|Craft industry and trades|
Cermaics & Pottery
During the Norman period, pottery was one of the rare items to circulate in vast quantities over great distances, and, after importing eastern models, Norman Italy in turn began to export.
In the early 11th century, a fair proportion of the pottery used in the Mezzogiorno was imported from the Byzantine or Moslem East. These were notably luxury ceramics with designs that were passed on by the workshops of Sicily (Piazza Armerina, Agrigento, Cefalů…), which remained an area of intensive production during the Norman rule. The most refined pieces were also used for the architectonic decoration of churches and palaces where geometrical polychrome compositions made copious use of this material during the Norman period, here again copying models taken from Eastern civilizations.
Ordinary pottery was produced in vast quantities in many local workshops, for all kinds of everyday uses – cooking, tableware, lamps… – and also for the transport and storage of food products. Roman Italy had brought pottery production almost up to an industrial scale, distributing its output to all parts of the Mediterranean Basin. In a century of Norman presence, archaeologists have identified a revival of these production methods, notably with regard to the storage of grain, oil, wine etc.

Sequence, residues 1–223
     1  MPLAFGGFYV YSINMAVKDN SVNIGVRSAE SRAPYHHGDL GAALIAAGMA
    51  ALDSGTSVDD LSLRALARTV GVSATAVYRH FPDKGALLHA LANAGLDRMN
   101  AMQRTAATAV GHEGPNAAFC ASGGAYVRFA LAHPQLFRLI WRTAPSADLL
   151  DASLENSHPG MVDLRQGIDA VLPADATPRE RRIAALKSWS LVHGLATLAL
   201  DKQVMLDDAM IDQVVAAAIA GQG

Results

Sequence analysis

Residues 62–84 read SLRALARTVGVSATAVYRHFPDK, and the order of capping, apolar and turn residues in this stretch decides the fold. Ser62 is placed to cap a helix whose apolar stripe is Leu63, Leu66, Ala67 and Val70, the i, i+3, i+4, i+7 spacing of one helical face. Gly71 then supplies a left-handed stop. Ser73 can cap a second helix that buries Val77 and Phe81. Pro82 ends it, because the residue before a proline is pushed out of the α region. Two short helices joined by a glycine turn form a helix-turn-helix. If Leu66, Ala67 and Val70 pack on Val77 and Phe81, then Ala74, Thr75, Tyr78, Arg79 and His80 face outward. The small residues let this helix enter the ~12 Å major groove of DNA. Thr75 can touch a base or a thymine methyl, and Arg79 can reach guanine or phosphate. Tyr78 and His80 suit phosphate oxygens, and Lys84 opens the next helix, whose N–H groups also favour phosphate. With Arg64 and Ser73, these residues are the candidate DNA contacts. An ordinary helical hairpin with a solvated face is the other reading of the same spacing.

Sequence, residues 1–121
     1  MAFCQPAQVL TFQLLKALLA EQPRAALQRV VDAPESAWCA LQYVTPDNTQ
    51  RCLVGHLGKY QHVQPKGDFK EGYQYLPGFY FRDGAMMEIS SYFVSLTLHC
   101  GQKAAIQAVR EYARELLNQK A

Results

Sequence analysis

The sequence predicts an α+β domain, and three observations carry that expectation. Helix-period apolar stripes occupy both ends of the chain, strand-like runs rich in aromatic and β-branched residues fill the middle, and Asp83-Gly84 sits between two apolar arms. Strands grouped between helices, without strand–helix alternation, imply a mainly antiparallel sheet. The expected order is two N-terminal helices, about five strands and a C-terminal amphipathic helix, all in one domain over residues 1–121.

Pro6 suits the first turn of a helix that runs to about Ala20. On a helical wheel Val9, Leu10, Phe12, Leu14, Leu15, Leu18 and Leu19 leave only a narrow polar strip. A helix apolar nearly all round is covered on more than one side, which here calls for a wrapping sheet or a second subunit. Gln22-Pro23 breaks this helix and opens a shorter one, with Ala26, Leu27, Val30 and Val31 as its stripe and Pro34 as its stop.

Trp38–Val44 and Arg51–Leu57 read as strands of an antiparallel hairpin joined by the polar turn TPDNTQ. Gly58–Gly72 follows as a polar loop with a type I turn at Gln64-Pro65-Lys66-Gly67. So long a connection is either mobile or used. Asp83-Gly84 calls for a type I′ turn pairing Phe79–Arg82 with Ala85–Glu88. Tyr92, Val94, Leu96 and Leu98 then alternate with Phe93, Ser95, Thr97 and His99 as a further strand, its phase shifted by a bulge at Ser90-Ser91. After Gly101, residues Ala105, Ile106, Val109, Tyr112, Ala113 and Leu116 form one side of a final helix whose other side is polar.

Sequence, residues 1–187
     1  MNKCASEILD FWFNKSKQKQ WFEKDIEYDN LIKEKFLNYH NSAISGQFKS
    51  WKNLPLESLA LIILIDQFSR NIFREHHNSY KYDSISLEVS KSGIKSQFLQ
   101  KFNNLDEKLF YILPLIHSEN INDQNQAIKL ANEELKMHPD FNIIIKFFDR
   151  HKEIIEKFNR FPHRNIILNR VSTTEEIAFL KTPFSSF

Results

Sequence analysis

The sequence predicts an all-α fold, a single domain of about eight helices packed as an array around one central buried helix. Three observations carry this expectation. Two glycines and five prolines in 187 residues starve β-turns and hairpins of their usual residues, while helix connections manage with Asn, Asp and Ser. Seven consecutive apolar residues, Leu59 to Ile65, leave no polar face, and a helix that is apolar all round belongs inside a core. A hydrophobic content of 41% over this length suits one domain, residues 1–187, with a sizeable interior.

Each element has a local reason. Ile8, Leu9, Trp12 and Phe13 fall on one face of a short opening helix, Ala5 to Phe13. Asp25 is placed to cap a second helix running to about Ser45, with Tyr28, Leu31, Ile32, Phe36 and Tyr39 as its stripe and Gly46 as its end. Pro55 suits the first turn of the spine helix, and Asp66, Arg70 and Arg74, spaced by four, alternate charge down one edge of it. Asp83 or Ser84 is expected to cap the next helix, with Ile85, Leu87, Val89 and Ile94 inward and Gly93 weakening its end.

The stages of pottery production are known from written accounts which identify the various specialities, from the master of the workshop to the clay preparer, taking in the specialists making the finished products: cooking pots, amphorae, earthenware jars etc. The potters’ skill is clearly seen in the production of ordinary thin-walled pots. The decoration on the larger pieces is made up of strips of red typical of the period. Luxury crockery, decorated with finely carved patterns and glazed, was still based on the Arab and Byzantine models in the 11th and 12th c., leading up to a fully-fledged regional production in the early 13th c. Excavations of aristocratic dwellings in Campania, especially Salerno, have unearthed vestiges of these various productions.